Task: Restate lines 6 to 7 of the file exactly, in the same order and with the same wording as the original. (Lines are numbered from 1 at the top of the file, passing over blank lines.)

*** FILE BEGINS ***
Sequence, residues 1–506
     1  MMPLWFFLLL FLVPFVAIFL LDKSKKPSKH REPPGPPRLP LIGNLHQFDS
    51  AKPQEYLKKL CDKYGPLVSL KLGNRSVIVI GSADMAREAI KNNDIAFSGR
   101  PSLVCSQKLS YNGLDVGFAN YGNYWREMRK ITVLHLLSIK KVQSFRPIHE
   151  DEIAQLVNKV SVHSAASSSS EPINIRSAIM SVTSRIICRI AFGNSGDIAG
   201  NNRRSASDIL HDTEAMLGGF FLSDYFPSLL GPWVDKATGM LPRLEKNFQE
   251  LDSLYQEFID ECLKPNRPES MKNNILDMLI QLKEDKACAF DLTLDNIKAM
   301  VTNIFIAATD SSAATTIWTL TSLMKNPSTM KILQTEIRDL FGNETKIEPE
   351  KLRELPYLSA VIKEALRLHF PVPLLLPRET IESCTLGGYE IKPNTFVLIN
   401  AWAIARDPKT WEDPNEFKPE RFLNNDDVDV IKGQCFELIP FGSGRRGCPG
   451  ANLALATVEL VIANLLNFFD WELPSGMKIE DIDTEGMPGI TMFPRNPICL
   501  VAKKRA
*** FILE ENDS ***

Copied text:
   201  NNRRSASDIL HDTEAMLGGF FLSDYFPSLL GPWVDKATGM LPRLEKNFQE
   251  LDSLYQEFID ECLKPNRPES MKNNILDMLI QLKEDKACAF DLTLDNIKAM